playwright's guiding light. In a film steamy enough to start a sonnet
craze, her Viola de Lesseps really does seem to warrant the most
timeless love poems, and to speak Shakespeare's own elegant language
with astonishing ease. "Shakespeare in Love" itself seems as smitten
with her as the poet is, and as alight with the same love of language
and beauty.

As directed by John Madden in much more rollicking, passionate style
than his "Mrs. Brown," "Shakespeare in Love" imagines Viola as the
perfect muse: a literate, headstrong beauty who adores the theater and
can use words like "anon" as readily as Shakespeare writes them. She
comes into his life at a pivotal moment in his career, about which the
film speculates with literary scholarship and Holmesian audacity. What
if, before making the leap from his early works to the profound emotions
of "Romeo and Juliet," he had suffered both writer's block and a crisis
in sexual confidence? ("It's as if my quill has broken," he tells his
therapist.) What if such impotence could be cured only by a madly
romantic liaison with a Juliet prototype, an unattainable woman with a
habit of speaking from her balcony?

Enter Viola, who is so eager to work in the theater that she disguises
herself as a boy, since women are forbidden to act. (Part of the film's
great fun is its way of working such Shakespearean gambits into its own
plot.) On her way to winning the role of Romeo, Viola finds herself
suddenly enmeshed with the handsome playwright himself, and the film
gives way to a heady brew of literature and ardor. In one transporting
montage, the lovers embrace passionately while rehearsing dialogue that
spills over into stage scenes, and the bond between tempestuous love and
artistic creation is illustrated beautifully. The film is as bold in its
romantic interludes as it is in historical second-guessing, leaving Ms.
Paltrow and Fiennes enmeshed in frequent half-nude, hotblooded clinches
in her boudoir.

Far richer and more deft than the other Elizabethan film in town
("Elizabeth"), this boasts a splendid, hearty cast of supporting
players.  (The actors in both films, like Fiennes, do notably better
work here.) Colin Firth plays Viola's fiance as a perfect Wrong. Rush's
opportunistic producer is very funny, as is Ben Affleck's version of a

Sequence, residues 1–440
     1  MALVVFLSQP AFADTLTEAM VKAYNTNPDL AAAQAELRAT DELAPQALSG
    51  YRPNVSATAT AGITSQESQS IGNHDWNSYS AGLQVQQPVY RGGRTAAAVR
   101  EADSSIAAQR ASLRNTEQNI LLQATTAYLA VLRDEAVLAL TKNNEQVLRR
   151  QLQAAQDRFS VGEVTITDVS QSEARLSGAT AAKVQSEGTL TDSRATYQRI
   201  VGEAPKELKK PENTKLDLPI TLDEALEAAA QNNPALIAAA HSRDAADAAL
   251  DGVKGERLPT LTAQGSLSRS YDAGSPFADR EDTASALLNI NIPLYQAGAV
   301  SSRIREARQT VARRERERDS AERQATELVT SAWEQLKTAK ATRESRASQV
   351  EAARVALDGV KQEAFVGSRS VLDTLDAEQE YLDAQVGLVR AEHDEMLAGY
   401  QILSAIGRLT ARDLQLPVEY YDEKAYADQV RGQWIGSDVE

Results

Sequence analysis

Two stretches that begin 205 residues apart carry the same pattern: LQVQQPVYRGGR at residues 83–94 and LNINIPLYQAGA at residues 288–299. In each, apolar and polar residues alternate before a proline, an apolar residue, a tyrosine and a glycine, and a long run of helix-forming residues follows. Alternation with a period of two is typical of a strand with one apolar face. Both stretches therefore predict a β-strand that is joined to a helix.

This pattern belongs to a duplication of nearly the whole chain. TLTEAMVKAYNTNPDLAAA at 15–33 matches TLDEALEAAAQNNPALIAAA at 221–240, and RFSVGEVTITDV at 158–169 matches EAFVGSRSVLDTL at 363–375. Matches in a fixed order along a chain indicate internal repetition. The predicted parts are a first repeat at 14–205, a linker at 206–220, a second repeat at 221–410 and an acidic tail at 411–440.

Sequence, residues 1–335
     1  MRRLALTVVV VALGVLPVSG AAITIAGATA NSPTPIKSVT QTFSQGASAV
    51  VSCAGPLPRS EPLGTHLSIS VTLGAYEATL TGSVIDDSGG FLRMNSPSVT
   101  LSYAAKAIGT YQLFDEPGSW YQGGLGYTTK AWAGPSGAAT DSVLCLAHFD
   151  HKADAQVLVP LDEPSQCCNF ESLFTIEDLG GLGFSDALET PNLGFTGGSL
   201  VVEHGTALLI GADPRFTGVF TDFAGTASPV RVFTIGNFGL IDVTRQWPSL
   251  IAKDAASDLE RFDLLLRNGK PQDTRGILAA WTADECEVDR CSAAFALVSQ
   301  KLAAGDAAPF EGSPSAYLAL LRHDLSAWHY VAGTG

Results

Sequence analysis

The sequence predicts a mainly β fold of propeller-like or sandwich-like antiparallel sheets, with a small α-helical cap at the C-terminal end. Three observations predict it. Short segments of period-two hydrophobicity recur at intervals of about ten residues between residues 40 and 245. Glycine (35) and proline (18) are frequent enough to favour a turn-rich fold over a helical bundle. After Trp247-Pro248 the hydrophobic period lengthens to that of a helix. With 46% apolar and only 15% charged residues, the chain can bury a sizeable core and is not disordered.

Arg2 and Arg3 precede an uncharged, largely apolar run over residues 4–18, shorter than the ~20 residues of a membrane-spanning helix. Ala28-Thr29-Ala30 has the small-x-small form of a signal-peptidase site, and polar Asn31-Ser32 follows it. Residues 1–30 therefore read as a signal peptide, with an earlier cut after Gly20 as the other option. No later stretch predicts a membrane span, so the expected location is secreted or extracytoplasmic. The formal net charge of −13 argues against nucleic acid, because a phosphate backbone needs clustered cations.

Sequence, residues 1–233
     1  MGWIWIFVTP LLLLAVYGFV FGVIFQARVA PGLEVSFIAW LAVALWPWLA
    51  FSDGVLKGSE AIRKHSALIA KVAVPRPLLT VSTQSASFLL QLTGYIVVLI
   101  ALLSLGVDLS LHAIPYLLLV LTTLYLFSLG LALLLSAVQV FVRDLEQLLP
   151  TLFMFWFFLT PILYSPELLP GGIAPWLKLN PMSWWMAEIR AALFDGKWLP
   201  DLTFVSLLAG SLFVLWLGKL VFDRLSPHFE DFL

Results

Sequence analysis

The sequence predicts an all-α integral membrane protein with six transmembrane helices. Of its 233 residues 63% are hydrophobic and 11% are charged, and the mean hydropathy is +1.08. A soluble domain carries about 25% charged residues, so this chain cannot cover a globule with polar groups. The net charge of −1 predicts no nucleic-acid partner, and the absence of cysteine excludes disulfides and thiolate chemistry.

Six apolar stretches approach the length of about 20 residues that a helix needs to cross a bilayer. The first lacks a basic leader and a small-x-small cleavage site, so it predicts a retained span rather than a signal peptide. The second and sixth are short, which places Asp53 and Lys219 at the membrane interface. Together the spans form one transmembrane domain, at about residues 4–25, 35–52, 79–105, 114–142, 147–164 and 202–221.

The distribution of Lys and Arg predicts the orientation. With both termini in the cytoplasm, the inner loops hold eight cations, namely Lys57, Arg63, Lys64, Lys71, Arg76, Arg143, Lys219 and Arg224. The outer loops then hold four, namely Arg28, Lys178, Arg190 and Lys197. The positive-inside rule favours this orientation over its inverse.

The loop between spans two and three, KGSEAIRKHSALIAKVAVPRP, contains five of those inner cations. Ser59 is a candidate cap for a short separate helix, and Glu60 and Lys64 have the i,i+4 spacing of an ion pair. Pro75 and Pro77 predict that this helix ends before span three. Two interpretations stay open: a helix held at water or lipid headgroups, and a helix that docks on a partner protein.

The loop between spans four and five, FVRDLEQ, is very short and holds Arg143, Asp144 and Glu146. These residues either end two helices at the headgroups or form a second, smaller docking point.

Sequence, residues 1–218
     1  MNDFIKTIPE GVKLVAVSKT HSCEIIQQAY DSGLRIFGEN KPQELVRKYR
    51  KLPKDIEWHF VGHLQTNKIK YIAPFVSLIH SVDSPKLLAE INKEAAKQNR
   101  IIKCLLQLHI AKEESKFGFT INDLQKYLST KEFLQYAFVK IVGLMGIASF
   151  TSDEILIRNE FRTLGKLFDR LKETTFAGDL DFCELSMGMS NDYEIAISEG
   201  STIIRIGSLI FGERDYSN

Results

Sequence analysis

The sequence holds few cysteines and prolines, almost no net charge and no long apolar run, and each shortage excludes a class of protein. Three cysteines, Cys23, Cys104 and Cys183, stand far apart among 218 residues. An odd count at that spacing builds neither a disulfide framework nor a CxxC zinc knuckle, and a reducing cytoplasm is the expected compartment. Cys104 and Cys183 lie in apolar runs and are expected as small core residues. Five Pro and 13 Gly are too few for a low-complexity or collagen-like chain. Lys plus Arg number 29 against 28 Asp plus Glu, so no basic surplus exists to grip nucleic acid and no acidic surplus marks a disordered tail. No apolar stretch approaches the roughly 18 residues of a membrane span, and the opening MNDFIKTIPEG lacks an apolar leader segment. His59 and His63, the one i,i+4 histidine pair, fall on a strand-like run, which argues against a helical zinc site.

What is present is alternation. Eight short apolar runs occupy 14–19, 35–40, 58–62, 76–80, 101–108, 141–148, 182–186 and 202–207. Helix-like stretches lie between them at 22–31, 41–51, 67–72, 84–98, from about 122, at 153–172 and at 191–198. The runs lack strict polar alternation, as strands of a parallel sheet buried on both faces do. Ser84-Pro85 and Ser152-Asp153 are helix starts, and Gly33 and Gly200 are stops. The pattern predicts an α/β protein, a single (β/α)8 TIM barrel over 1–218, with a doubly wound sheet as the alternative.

big-egoed actor, Elizabethan style. (Cast as Mercutio, he is also
hoodwinked by Will into thinking that "Mercutio" is the play's name.)
Also most amusing is Tom Wilkinson as a financier who grows
stage-struck, Jim Carter as the actor who looks silliest in a dress,
Simon Callow as the Queen's censor and Imelda Staunton as Viola's nurse.
Judi Dench's shrewd, daunting Elizabeth is one of the film's utmost
treats.

So are its costumes. The designer Sandy Powell has previous credits
including "Orlando" and "The Wings of the Dove," and she deserves to be
remembered for her wonderfully inventive work this year. She contributes
extravagantly to this film's visual allure and did the same for "Velvet
Goldmine." Gear-switching that extreme is no mean feat.

PUBLICATION NOTE
SHAKESPEARE IN LOVE

Rating: "Shakespeare in Love" is rated R (Under 17 must be accompanied
by parent or adult guardian). It includes nudity, bawdy humor and torrid
sexual situations.

Directed by John Madden; written by Marc Norman and Tom Stoppard;
director of photography, Richard Greatrex; edited by David Gamble; music
by Stephen Warbeck; costumes by Sandy Powell; production designer,
Martin Childs; produced by David Parritt, Donna Gigliotti, Harvey
Weinstein, Edward Zwick and Norman; released by Miramax Films. Running
time: 113 minutes. This film is rated R.

Cast: Gwyneth Paltrow (Viola de Lesseps), Joseph Fiennes (Will
Shakespeare), Geoffrey Rush (Philip Henslowe), Colin Firth (Lord
Wessex), Ben Affleck (Ned Alleyn), Judi Dench (Queen Elizabeth), Rupert
Everett (Christopher Marlowe), Simon Callow (Tilney, Master of the
Revels), Jim Carter (Ralph Bashford), Martin Clunes (Richard Burbage),
Antony Sher (Dr.  Moth), Imelda Staunton (Nurse), Tom Wilkinson (Hugh
Fennyman) and Mark Williams (Wabash).
Copyright 1998 The New York Times